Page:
Sinking Fund Debenture Bond, issued/canceled1970'sSecurity-Columbian / United States Bank Note CompanyThe item shown is representative of the one you will receive
In September of 1918, the pioneer of auto renting, Walter L. Jacobs, at the age of 22, opened a car-rental operation in Chicago. Starting with a dozen Model T Fords, which he repaired and repainted himself, Jacobs expanded his operation to the point where, within five years, the business generated annual revenues of about $1 million.
In 1923, Jacobs sold his car-rental concern to John Hertz, President of Yellow Cab and Yellow Truck and Coach Manufacturing Company. Jacobs continued as Hertz' top operating and administrative executive This rental business, called Hertz Drive-Ur-Self System, was acquired in 1926 by General Motors Corporation
when it bought Yellow Truck from John Hertz.
In 1932, Hertz opened the first rent-a-car facility at Chicago's Midway Airport. Later that same year, to further facilitate the world's adjustment to travel by air, Hertz introduced the first Fly/Drive car rental program.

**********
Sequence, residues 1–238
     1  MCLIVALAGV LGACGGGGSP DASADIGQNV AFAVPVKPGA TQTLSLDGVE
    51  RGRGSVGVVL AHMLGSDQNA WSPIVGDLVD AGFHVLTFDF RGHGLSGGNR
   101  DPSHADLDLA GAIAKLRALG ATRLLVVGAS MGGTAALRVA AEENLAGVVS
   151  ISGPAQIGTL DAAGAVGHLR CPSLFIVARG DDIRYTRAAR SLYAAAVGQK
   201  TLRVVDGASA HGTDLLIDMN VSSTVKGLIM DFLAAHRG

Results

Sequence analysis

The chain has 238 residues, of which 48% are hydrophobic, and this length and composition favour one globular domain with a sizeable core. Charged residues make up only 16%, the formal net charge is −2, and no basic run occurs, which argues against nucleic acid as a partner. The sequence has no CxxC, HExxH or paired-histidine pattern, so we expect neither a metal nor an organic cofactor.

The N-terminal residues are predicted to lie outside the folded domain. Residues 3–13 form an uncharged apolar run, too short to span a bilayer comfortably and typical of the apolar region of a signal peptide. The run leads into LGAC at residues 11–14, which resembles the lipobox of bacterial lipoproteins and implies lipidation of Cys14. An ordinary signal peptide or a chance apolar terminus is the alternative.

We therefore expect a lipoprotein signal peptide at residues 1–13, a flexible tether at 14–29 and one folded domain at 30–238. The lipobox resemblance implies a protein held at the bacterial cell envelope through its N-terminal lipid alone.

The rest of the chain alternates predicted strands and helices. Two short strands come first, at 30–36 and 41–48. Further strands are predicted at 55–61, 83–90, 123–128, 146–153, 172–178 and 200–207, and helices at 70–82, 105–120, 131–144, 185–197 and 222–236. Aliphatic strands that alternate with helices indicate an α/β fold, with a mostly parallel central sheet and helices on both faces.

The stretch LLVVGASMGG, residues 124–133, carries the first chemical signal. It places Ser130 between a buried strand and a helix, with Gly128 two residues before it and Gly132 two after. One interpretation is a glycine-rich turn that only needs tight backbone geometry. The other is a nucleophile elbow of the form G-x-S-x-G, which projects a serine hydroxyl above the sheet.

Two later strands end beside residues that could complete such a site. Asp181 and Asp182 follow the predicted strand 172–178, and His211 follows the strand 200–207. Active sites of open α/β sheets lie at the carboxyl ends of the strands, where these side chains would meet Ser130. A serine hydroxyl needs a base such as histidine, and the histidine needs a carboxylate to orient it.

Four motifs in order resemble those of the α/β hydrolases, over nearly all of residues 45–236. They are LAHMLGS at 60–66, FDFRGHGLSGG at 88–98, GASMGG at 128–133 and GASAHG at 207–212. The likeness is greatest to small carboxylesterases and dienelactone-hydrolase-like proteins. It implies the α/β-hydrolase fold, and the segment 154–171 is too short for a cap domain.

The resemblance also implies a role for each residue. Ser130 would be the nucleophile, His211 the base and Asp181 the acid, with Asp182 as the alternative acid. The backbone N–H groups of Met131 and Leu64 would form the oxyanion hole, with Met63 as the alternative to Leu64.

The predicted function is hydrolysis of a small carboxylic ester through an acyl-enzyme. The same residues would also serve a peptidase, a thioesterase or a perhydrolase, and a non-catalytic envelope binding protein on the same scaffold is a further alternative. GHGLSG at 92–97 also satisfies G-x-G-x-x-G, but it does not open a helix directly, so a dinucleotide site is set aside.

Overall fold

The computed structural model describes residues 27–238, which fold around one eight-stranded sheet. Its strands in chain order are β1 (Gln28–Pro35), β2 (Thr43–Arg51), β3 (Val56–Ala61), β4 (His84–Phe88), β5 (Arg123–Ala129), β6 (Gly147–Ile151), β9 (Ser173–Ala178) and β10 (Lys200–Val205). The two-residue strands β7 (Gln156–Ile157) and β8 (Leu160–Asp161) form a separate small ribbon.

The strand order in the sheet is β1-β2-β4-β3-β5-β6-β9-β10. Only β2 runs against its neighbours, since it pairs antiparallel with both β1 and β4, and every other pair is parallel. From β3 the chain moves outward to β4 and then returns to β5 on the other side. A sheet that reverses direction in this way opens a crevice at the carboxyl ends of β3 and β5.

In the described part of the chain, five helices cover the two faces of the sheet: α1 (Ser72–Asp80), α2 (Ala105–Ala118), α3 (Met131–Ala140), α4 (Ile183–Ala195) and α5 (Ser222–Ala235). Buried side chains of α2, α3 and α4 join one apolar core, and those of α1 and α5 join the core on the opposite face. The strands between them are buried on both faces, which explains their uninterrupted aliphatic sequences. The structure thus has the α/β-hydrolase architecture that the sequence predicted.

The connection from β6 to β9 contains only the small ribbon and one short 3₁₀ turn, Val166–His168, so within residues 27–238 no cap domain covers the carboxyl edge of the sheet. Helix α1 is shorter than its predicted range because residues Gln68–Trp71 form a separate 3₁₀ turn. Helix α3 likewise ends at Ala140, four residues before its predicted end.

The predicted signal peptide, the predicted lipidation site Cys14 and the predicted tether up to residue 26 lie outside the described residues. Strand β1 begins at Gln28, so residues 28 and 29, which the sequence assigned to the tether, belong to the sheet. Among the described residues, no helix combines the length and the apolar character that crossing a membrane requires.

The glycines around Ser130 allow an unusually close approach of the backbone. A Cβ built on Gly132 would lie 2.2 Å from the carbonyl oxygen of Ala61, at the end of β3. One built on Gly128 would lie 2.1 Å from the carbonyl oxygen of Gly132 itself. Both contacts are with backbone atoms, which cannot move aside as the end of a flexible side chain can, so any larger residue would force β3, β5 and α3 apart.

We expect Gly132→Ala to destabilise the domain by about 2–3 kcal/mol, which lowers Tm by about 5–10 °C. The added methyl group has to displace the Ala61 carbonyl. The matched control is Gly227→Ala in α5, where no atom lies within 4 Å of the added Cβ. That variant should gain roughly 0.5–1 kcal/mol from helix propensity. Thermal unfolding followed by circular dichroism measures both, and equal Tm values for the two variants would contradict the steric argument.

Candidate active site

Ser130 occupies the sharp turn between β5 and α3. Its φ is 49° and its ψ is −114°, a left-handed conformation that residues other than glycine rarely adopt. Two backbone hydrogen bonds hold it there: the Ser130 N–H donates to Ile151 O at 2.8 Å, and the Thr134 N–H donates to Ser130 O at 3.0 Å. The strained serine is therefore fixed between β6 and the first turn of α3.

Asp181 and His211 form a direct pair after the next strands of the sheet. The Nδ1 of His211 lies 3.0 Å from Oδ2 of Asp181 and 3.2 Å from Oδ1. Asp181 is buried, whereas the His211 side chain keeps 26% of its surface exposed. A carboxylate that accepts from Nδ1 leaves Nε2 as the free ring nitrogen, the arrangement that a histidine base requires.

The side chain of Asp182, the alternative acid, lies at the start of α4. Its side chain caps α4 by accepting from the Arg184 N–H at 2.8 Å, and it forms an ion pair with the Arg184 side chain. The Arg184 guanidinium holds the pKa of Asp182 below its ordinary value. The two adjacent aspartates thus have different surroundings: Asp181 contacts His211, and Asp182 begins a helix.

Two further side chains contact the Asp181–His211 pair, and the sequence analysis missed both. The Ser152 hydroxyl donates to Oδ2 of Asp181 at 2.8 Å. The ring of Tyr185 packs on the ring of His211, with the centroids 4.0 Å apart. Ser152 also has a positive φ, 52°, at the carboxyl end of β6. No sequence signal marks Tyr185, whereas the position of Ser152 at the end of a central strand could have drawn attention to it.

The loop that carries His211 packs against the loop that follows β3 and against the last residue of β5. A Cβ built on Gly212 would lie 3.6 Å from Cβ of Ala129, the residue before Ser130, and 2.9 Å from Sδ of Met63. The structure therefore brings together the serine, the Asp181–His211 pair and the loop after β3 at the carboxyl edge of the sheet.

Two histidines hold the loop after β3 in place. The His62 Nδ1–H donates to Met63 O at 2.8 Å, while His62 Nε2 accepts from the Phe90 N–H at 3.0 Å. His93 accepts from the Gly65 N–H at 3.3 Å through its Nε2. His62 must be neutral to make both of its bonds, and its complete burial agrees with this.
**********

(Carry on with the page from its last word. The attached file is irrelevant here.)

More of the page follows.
In 1953, the Hertz properties were bought from GMC by the Omnibus Corporation, which divested itself of its bus interests and concentrated solely on car and truck renting and leasing. A year later, a new name was taken -- The Hertz Corporation -- and it was listed for the first time on the New York Stock Exchange. Jacobs became Hertz' first President and served in that post until his retirement in 1960. He died in 1985 at the age of 88.
In 1954, the new corporation bought Metropolitan Distributors, a pioneer in New York truck leasing dating back to the World War I and the largest concern of its kind in any one city. In the process, the head of Metropolitan Leon C. Greenbaum, became Vice Chairman of the Hertz Board of Directors; he later became Chairman, and in 1960, Chief Executive Officer.
In 1967, The Hertz Corporation became a wholly owned subsidiary of RCA Corporation
. In 1985, Hertz joined UAL, Inc (the parent company of United Air Lines
). On December 30, 1987, Hertz was sold to Park Ridge Corporation, a company formed by Ford Motor Company
and certain members of Hertz senior management for the purpose of purchasing Hertz. In 1988, Volvo North America Corporation joined Ford and Hertz management as an investor in Park Ridge Corporation. In 1994, Park Ridge Corporation was merged into The Hertz Corporation. In 1994, Ford purchased the outstanding shares of Hertz and Hertz' became an independent, wholly owned subsidiary of Ford. On March 9, 2001, Hertz became a wholly owned subsidiary of Ford when Ford reacquired the outstanding 18.5% of Hertz' stock. In December, 2005 Hertz was acquired by three leading private equity investment companies: Clayton, Dubilier & Rice; The Carlyle Group and Merrill Lynch
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